David E. Levin, PhD

Professor, Molecular & Cell Biology

David Levin
(617) 414-1057
75 E. Newton St Evans Building

Biography

Expertise in stress signaling and cell wall biogenesis in fungi.

We use baker’s yeast, Saccharomyces cerevisiae, as a model genetic organism in which to study the molecular mechanisms of stress signaling. The biomedical relevance of our work is twofold. First, we seek to identify novel aspects of signal transduction that are evolutionarily conserved with humans and therefore tell us something about our own biology that may be useful in the treatment of disease. Second, when we identify aspects or components of signaling pathways that are unique to fungi, these often represent potential targets for antifungal drug discovery.

One project concerns the dissection of the Cell Wall Integrity (CWI) signaling pathway, which detects and responds to cell wall stress during growth and morphogenesis. Because animal cells lack cell walls, this structure is an attractive drug target in fungal pathogens. Disruption of the fungal cell wall results in cell lysis. The CWI pathway uses a set of cell surface sensors that are connected to a small G-protein, which activates signaling through a MAP kinase cascade. We have found in recent studies that, in addition to its catalytic activity as a protein kinase, the MAP kinase of the CWI pathway has a previously unknown non-catalytic function in the control of transcription elongation. We found that the basal expression of many stress-induced genes is minimized through premature transcription termination (or attenuation) shortly after initiation. The non-catalytic function of the MAP kinase under stress conditions is to prevent transcription attenuation through its interaction with the transcription elongation complex. This mechanism appears to be evolutionarily conserved in humans and may offer a new approach to therapeutic gene silencing.

A second project exploits the need of fungal cells to maintain osmotic homeostasis through the regulation of intracellular glycerol concentration. We have identified a pair of genes, named RGC1 and RGC2 (for Regulators of the Glycerol Channel) whose function is to control the activity of the Fps1 glycerol channel, which acts as a plasma membrane vent that decreases turgor pressure by releasing glycerol from the cell. The fungal kingdom is replete with members of the Rgc family of proteins, but they have not been found in metazoan organisms. For this reason, and because mutants in these genes undergo cell lysis as a result of excess turgor pressure, the Rgc proteins may be suitable antifungal targets. Current studies are centered on understanding the biochemical function of Rgc1/2 and their mode of regulation in response to osmotic stress.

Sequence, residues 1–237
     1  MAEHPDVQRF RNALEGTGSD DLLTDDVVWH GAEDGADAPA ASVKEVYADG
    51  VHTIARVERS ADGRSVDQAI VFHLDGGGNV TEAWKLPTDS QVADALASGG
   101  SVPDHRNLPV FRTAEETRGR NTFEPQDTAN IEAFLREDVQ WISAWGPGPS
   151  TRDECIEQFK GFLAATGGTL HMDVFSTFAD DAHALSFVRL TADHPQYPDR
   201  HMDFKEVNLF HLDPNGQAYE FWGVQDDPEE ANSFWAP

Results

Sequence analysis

Other Positions

  • Professor, Microbiology, Boston University School of Medicine
  • Graduate Faculty (Primary Mentor of Grad Students), Boston University School of Medicine, Division of Graduate Medical Sciences
  • Professor, Molecular & Cell Biology, Boston University Henry M. Goldman School of Dental Medicine

Education

  • University of California, Berkeley, PhD
  • University of Massachusetts Amherst, BS

Publications

  • Published on 5/29/2015

    Lee J, Levin DE. Rgc2 Regulator of Glycerol Channel Fps1 Functions as a Homo- and Heterodimer with Rgc1. Eukaryot Cell. 2015 Jul; 14(7):719-25. PMID: 26024902.

    Read at: PubMed
  • Published on 12/1/2013

    Lee J, Reiter W, Dohnal I, Gregori C, Beese-Sims S, Kuchler K, Ammerer G, Levin DE. MAPK Hog1 closes the S. cerevisiae glycerol channel Fps1 by phosphorylating and displacing its positive regulators. Genes Dev. 2013 Dec 1; 27(23):2590-601. PMID: 24298058.

    Read at: PubMed
  • Published on 10/19/2012

    Beese-Sims SE, Pan SJ, Lee J, Hwang-Wong E, Cormack BP, Levin DE. Mutants in the Candida glabrata glycerol channels are sensitized to cell wall stress. Eukaryot Cell. 2012 Dec; 11(12):1512-9. PMID: 23087370.

    Read at: PubMed
  • Published on 12/1/2011

    Levin DE. Regulation of cell wall biogenesis in Saccharomyces cerevisiae: the cell wall integrity signaling pathway. Genetics. 2011 Dec; 189(4):1145-75. PMID: 22174182.

    Read at: PubMed
  • Published on 10/26/2011

    Beese-Sims SE, Lee J, Levin DE. Yeast Fps1 glycerol facilitator functions as a homotetramer. Yeast. 2011 Dec; 28(12):815-9. PMID: 22030956.

    Read at: PubMed
  • Published on 3/4/2011

    Kim KY, Levin DE. Mpk1 MAPK association with the Paf1 complex blocks Sen1-mediated premature transcription termination. Cell. 2011 Mar 4; 144(5):745-56. PMID: 21376235.

    Read at: PubMed
  • Published on 8/1/2010

    Kim KY, Levin DE. Transcriptional reporters for genes activated by cell wall stress through a non-catalytic mechanism involving Mpk1 and SBF. Yeast. 2010 Aug; 27(8):541-8. PMID: 20641022.

    Read at: PubMed
  • Published on 3/10/2010

    Kim KY, Truman AW, Caesar S, Schlenstedt G, Levin DE. Yeast Mpk1 cell wall integrity mitogen-activated protein kinase regulates nucleocytoplasmic shuttling of the Swi6 transcriptional regulator. Mol Biol Cell. 2010 May 1; 21(9):1609-19. PMID: 20219973.

    Read at: PubMed
  • Published on 11/26/2009

    Beese SE, Negishi T, Levin DE. Identification of positive regulators of the yeast fps1 glycerol channel. PLoS Genet. 2009 Nov; 5(11):e1000738. PMID: 19956799.

    Read at: PubMed
  • Published on 10/5/2009

    Truman AW, Kim KY, Levin DE. Mechanism of Mpk1 mitogen-activated protein kinase binding to the Swi4 transcription factor and its regulation by a novel caffeine-induced phosphorylation. Mol Cell Biol. 2009 Dec; 29(24):6449-61. PMID: 19805511.

    Read at: PubMed

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